Home entertainment systems
PlayStation 3 (playstation.ca)
The latest redesign of the PS3 entertainment console ($300) includes a sizable 500 gigabyte (GB) hard drive. And this holiday it will also come with a copy of the Assassin’s Creed III video game by Ubisoft. The PS3 is still the only video game system that includes a Blu-ray player, which makes it a great choice for those looking to cut down on the number of boxes in the living room.
Wii U (nintendo.ca)
Nintendo’s newest game system comes in two configurations. The basic system ($300) comes in white with eight GB of hard-drive space, and a deluxe edition ($350) is black and has a 32 GB hard drive. The Wii U includes a new tablet-like controller called the GamePad, which allows for new gaming experiences. In Batman: Arkham City (Warner Bros.), for example, the GamePad gives players a display of what’s in Batman’s utility belt. While playing ZombiU (Ubisoft), gamers look through the GamePad to aim weapons and scan the area for zombies.
Xbox 360 (xbox.com/en-ca)
If you’re looking for an Xbox 360 for your family, get your money’s worth by grabbing a bundle, which packages popular games with the game system. There are three being offered this holiday: Xbox 360 with Kinect, a 250 GB hard drive, Dance Central 2, Kinect Sports and Kinect Adventures ($400); Xbox 360 with a 250 GB hard drive, Skyrim and Forza 4 ($300); Xbox 360 with Kinect, a four GB hard drive, Kinect Disneyland Adventures and Kinect Adventures ($300). Or get the special edition Halo 4 Xbox 360 ($400), which includes a 320 GB hard drive and a copy of Halo 4. and two United Nations Space Command-branded controllers.
Portable game systems
iPod Touch (apple.ca)
Available in five vibrant colours and with two capacities, 32 GB ($299) and 62 GB ($399), the iPod Touch has become a true contender for most popular portable gaming system. After all, the best hand-held game device is the one that you have with you. And there are some 175,000 games and entertainment apps that can be played on the Touch and that all look amazing given that the latest models have a four-inch Retina display. And it can do so much more than play games, too: high-definition video, Siri, music, video calls, photography and so on. The possibilities are endless.
PlayStation Vita (playstation.ca)
Available with WiFi only ($250) or WiFi and 3G ($300), Sony’s hand-held game console is a lovely piece of hardware. With dual analogue sticks and touch screens on the front and back of the device, the Vita provides the kind of gaming experience that was once only available on a TV. This holiday season, two bundles are available, both for $250: a black WiFi Vita packaged with Call of Duty: Black Ops Declassified and a special edition white WiFi Vita packaged with Assassin’s Creed III.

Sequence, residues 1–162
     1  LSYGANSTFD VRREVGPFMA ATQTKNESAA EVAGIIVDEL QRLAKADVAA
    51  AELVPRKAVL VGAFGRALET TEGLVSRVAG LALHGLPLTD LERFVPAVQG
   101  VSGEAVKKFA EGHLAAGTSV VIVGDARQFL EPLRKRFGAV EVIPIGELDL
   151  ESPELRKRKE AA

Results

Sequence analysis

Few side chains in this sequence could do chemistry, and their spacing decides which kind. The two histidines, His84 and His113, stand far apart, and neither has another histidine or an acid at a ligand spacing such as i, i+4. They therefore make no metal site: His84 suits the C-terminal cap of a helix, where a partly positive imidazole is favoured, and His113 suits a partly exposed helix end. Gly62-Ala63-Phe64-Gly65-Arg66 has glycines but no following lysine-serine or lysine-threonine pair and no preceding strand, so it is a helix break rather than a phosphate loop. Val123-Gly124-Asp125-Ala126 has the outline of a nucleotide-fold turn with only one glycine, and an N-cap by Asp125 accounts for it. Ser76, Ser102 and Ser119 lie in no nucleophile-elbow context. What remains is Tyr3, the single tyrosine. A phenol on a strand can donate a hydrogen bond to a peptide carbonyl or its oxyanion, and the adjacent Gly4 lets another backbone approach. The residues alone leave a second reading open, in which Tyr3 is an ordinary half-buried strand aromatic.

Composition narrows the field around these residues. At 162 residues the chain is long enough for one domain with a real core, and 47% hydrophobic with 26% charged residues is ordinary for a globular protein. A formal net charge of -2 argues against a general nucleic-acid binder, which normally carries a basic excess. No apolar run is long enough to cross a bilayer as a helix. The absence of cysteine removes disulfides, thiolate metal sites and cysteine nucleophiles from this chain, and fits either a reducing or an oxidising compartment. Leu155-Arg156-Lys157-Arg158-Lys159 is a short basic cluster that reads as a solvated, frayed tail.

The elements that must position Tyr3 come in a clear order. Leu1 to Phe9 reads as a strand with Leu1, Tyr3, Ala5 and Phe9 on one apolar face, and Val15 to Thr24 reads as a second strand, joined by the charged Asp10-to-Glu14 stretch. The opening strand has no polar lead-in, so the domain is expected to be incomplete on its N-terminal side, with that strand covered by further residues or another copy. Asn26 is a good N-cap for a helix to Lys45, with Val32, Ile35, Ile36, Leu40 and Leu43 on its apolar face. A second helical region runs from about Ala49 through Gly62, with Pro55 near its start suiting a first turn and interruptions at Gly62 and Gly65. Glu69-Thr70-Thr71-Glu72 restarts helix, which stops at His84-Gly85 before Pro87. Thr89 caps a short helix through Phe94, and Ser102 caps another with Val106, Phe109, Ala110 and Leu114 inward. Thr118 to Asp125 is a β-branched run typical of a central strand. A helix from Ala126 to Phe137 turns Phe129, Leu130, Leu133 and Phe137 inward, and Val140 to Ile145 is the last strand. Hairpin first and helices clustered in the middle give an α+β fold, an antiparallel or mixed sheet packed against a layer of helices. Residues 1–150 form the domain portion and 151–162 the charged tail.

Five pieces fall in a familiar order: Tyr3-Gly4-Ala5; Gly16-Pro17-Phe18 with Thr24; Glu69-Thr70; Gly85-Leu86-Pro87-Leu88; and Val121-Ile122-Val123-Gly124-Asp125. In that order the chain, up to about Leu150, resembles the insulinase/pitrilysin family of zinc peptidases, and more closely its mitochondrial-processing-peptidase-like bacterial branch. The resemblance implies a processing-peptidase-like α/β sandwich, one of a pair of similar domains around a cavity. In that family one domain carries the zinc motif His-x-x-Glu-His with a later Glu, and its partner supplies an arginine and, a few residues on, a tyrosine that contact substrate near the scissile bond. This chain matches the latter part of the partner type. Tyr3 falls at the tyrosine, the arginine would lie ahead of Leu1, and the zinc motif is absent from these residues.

3DS XL (nintendo.ca)
Nintendo’s three-dimensional portable with two screens has grown up. The XL ($200) has displays that are 90 per cent bigger than the standard 3DS, which means there is so much more Mario to New Super Mario Bros. 2 and Paper Mario: Sticker Star. The upper screen has a three-dimensional display that is easily adjustable to your individual preference, no glasses required, and the bottom screen’s touch functionality allows for intriguing game play.
Alienware M17x (alienware.ca)
This 17-inch laptop is a premium gaming rig. Equipped with the latest Intel processor, the M17x (starting at $1,500) is fully customizable. Want a solid-state drive to speed up your game response time? You can have that. Need to see things in three dimensions? All you have to do is ask. On top of it all you get the distinct Alienware design, including the fully programmable LED lights that make the machine look like something from outer space.
MSI GT70 (ca.msi.com)
It’s not small or light, but the 17-inch GT70 (starting at $1,600) wasn’t meant to be exactly portable. It was built to replace a desktop gaming setup and this sturdy machine does that well. It also plays games better than most with a quad-core i7 processor from Intel and up to 16 GB of random-access memory (RAM). The back-lit keyboard and trackpad are nicely responsive, too, which is important when you need to defend yourself against the coming horde.
Peripherals and extras
Gaems Vanguard (gaemspge.com; amazon.com)
Described as a “personal gaming environment,” the Vanguard ($350 U.S.) is video gaming on the go. Inside a rugged and durable case is a 19-inch LCD monitor with a high-definition multimedia interface (HDMI) connection, stereo speakers, and a space for either a PS3 or Xbox 360 (not included). Straps hold your game system of choice in place, foam padding throughout keeps things protected, and LED lighting adds a futuristic feel. Available exclusively at Amazon.com (it can be shipped to Canada), the limited-edition model available this fall is styled in the manner of the UNSC from the Halo game franchise.
This peripheral, for the Microsoft Xbox 360, turns you into the controller. Kinect ($110) plugs into the console and enables gestural and voice control. You can talk to your Xbox 360 and have it search for a game, then tell it you want to play. And because Kinect can sense your body’s movement, it’s perfect for a workout (Nike+ Kinect Training) or dance competitions (Dance Central 3 and Just Dance 4).
Sony PS3 wireless headset (store.sony.ca)
There’s lots of competition in the gaming headphone market, but Sony has quietly come up with the category killer in the Pulse Elite wireless headset ($100). It works through a USB dongle that plugs into a PS3 and, when the headphones are in use, all sounds are directed to the headphones. Volume and sound mix controls are cleverly and discreetly set on the frame of the ear cups, and the wireless signal is stable. What’s more, the headphones are comfortable. Which is important if you’re wearing them for hours at a time.